Rates set to rise at the beginning of 2016
It’s been the subject of debate between economists and industry experts since March 2009 when it dropped to its record low of 0.5 per cent.
But, Bank of England governor, Mark Carney, has finally announced that the Bank Rate will rise as early as the start of 2016.
Carney recently announced that rates will begin to increase to around the 2.25 per cent mark, albeit at a slow and gradual rate, whilst still remaining significantly lower than the previous historical average interest rate of 4.5 per cent.
Should I panic about what’s to come?
Whilst it’s never wise to try and predict the future, fixed rate mortgages will continue to remain at record lows with data showing that almost 90 per cent of those buying and remortgaging are choosing to do so on fixed rates.
But, despite the mortgage war continuing between lenders, rates are unlikely to fall any further than they already are.
So why does the Bank Rate need to increase if everything is working?
It all boils down to inflation. Despite it currently sitting at 0 per cent, the economy is improving and unemployment continues to sit at an extremely low level.
If the economy continues to grow, it may begin to “overheat”. This is where demand outpaces productivity, which leads to suppliers hiking prices to reduce the demand. However, this may also lead to people paying more for things than they are actually worth.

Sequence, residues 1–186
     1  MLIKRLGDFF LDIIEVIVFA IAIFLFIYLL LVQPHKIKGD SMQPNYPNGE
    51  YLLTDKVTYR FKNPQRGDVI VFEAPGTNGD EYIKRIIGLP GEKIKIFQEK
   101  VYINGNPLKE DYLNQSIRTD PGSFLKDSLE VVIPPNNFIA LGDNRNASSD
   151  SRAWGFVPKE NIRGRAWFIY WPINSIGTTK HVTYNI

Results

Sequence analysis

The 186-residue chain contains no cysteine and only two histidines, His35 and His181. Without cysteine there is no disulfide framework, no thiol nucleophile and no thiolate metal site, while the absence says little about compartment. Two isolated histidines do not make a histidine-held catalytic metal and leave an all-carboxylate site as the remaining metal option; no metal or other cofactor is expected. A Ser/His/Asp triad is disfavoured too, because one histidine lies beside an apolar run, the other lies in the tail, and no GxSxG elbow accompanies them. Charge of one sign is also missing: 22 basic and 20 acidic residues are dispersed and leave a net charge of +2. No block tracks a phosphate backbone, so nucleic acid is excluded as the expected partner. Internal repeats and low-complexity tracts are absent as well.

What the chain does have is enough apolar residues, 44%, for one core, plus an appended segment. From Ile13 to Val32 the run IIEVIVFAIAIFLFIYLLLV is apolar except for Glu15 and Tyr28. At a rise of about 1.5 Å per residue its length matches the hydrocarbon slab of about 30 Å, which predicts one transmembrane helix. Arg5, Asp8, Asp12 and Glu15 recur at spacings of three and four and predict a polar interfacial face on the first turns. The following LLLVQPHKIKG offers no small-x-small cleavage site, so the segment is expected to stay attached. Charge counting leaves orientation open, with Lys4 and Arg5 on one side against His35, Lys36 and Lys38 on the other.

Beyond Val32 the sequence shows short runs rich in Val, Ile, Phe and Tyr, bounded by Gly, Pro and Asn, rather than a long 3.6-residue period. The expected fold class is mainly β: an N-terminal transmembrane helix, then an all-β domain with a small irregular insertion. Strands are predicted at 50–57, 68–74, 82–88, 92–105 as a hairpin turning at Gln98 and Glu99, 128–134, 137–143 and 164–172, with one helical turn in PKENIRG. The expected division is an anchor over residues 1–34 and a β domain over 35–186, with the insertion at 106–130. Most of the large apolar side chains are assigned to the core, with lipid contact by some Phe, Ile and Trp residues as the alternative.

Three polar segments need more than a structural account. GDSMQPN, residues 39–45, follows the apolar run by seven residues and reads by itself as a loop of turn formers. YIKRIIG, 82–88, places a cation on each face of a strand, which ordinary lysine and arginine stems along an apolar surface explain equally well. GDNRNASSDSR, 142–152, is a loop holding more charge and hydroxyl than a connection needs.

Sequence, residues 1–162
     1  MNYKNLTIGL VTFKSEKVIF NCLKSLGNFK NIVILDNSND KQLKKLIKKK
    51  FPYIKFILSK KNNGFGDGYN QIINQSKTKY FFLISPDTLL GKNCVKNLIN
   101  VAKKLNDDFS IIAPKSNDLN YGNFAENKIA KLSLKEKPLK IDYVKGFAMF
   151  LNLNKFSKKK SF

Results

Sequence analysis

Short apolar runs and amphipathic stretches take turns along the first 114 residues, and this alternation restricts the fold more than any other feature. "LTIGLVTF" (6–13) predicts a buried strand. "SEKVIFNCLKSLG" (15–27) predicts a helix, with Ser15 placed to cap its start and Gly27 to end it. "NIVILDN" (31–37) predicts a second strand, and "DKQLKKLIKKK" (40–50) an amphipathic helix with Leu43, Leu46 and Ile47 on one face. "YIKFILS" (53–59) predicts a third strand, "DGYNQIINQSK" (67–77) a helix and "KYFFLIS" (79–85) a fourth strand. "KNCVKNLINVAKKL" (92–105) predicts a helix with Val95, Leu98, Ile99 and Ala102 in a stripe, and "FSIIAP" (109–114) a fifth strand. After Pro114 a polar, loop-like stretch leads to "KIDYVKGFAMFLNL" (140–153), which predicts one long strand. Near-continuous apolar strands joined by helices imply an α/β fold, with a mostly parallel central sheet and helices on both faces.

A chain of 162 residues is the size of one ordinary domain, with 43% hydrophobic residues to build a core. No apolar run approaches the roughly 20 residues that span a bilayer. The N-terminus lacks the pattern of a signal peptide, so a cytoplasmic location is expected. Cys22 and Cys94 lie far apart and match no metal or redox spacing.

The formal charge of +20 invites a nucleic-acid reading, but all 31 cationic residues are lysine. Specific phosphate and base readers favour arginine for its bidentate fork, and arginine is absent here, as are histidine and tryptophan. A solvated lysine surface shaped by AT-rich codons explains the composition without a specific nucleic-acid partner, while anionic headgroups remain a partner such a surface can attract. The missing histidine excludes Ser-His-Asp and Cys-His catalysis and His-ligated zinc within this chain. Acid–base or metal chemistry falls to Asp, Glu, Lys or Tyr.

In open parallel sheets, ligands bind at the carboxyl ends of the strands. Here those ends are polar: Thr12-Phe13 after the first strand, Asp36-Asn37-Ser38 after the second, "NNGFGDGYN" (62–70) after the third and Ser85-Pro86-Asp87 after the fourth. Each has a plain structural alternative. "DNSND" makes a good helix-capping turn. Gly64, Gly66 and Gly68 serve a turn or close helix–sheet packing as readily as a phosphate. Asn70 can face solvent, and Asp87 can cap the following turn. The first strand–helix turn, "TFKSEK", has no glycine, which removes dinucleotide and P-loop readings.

Who will the rise affect the most?
Those currently on a variable tracker will potentially feel the change the most. For example, if you were paying off a £150,000 mortgage on a lender’s variable rate of 2 per cent.
If the Bank Rate reaches 2.5 per cent as expected, monthly payments may increase by around £160 per month*.
However, If you took your mortgage out after April 2014, when the Mortgage Market Review (MMR) was introduced, your mortgage adviser will have stress-tested your financial situation to ensure that you could cope with such a rise so there should be no need to worry if you haven’t had chance to assess your financial situation.
What should I do?
If you have any queries or wish to discuss your mortgage situation, you need to speak to a professional and qualified mortgage adviser who will be able to guide you through the mortgage process.